Monday, May 30, 2011

AN INTERESTING TIME IN A FORGETTEN ERA


A review of John A. Garraty's The New Commonwealth: 1877-1890 (1968)

(Rating 4 of 5)

Continuing my march across the ages of American history, the next stop was The New Commonwealth by John A. Garraty. Garraty's book covers the United States of America after the period of Reconstruction and before the Imperialist Age of the 1890s. It was a time where the Industrial Revolution had come into full bloom in America. A new nation was emerging that was turning away from the Jeffersonian ideals—while still singing his praises—and embracing the ideals of Alexander Hamilton. It was during this time period the giant corporations were to plant their big feet into the heart of American politics.

Garraty breaks his book up into eight simple chapters that explore the different aspects of this particular time period. The books chapters cover industrialization, urbanization, workers, and many other aspects of American society. I found the chapter covering the political system and the political events of the industrial America to be the most interesting part of book. Garraty, when discussing the presidency of Rutherford B. Hayes, made a comparison between President Hayes and the other presidents during this period to that of King George III. Like the last American monarch, these presidents had come into office where their powers had been reduced by precedent due to the actions of their predecessors. An interesting observation but I disagree with Garraty about President Grant.


(President Hayes, a chosen one-termer)


(President Arthur, probably the most important president of the forgotten era. It President Arthur who signed the Civil Service Reform.)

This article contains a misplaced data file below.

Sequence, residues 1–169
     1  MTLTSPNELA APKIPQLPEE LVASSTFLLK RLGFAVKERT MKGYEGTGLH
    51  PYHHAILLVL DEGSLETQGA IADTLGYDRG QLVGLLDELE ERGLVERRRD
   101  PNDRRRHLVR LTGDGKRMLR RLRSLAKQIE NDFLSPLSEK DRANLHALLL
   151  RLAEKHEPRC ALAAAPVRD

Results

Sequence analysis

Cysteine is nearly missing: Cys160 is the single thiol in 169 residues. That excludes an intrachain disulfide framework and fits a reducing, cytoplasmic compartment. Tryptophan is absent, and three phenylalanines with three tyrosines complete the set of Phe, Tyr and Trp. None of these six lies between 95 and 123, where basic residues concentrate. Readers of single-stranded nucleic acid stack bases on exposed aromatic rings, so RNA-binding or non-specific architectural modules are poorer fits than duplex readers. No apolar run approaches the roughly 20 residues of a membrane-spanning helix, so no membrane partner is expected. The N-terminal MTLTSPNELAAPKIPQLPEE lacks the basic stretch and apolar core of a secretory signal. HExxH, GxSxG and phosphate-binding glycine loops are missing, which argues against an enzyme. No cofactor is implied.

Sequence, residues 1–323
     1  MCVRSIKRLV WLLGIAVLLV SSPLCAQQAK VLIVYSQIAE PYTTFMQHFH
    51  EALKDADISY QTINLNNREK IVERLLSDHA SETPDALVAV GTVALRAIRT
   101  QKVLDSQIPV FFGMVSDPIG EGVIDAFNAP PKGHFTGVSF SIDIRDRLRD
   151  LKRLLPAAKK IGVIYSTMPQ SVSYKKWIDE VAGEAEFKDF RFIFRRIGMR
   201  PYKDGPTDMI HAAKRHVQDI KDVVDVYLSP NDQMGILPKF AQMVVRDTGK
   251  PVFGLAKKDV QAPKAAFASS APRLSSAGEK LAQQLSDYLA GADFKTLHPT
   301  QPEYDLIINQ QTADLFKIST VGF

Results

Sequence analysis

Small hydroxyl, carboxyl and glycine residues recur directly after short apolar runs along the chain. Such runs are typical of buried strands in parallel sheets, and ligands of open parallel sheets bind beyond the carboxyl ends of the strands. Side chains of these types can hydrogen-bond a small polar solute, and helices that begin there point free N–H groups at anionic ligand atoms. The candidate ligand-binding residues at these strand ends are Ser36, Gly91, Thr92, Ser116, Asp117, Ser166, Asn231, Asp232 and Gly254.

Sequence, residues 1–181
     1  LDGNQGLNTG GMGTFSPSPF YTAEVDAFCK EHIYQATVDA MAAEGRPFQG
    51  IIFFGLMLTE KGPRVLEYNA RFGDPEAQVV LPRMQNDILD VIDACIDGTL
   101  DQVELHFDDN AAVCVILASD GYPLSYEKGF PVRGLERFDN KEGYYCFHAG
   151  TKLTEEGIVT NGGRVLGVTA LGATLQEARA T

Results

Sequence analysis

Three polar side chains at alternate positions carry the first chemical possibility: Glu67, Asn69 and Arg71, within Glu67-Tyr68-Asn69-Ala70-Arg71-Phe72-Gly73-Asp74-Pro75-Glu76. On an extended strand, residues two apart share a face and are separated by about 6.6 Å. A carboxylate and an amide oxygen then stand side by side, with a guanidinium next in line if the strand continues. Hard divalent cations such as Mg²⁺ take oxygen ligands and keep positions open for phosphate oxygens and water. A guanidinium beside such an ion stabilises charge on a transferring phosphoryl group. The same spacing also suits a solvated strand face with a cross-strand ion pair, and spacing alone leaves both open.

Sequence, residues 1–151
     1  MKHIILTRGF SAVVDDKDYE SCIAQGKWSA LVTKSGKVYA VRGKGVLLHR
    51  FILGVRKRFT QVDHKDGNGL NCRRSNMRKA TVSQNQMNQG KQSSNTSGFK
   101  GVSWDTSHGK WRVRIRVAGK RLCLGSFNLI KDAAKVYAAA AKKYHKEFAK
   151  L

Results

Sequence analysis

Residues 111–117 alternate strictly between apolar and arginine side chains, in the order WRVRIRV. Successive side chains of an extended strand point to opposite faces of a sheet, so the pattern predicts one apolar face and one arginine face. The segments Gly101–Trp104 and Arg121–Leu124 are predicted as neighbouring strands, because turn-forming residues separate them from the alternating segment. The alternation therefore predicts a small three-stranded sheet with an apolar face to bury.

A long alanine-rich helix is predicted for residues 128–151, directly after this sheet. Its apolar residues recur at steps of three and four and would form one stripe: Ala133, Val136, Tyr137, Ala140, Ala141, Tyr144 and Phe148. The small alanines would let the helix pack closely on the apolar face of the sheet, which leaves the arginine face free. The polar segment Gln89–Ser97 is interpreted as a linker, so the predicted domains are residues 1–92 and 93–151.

The most incredible change was the industrialization of the United States. For most of this nation's history, the country had been an agricultural nation. Even the earlier phases of industrialization did not change that, but America began to embrace this new way of doing things and the face of the nation complexly changed.


“Truly, American industrial technology was the wonder of the world, far in advance of Europe's in most fields, despite the fact that Europeans made most of the key scientific discoveries on which it was based. The relatively high cost of labor provides a partial explanation of American technological leadership, for it encouraged manufactures to invest their capital and energy in mechanizing their operations to reduce labor costs. The rapidity of American expansion also simulated technological innovation. So, in many subtle ways, did the structure of society. Americans, far less bound than most Europeans by a respect for tradition, adopted new methods more willing. Workingmen saw the relationship between productivity and wages more clearly than their European counterparts, and manufacturers were less reluctant to share the results of increased productivity with their workers.”(p.89)

There was also the dark side of this era. The end of Reconstruction was a betrayal to those who had been enslaved. African-Americans saw their rights take a huge plunge backward. Garraty pointed out strongly that African-Americans were held back not just by those who hated them, but were also facing racial prejudice from those who might have felt no ill will towards them.


“Even the shabby treatment afforded American Negroes after the end of Reconstruction was not entirely a product of prejudice and selfishness. The best-intentioned white citizens, trying to evaluate the potential of Negroes in the climate of those times, found it hard to avoid the conclusion that they were inherently inferior to Caucasians. Interpreting lack of achievement as lack of ability, confusing effect with cause, he saw in their poverty, ignorance, and degradation evidence of inherent stupidity and moral laxity. If he turned to authority for enlightenment, his conclusions were only reinforced. The superficial knowledge of African history available to an anthropologically na├»ve generation suggested that Negroes, when left to their own devices, would remain in a state of savagery. Highly regarded 'scientific experts' insisted that the Negro and Caucasian were of separate origin, the former inferior in native ability to the latter. Professor Louis Agassiz of Harvard, for example, although opposed to slavery and to legal discriminations against Negroes, stated flatly that the race was 'indolent' and 'submissive' and 'imitative' by nature. He considered it 'mock philanthropy' to treat them as equal to whites. Agassiz was the leading American critic of Darwin's theory of evolution, but in the 1870's and 1880's many Darwinians also believed that the Negroes were an inferior race.” (p.21)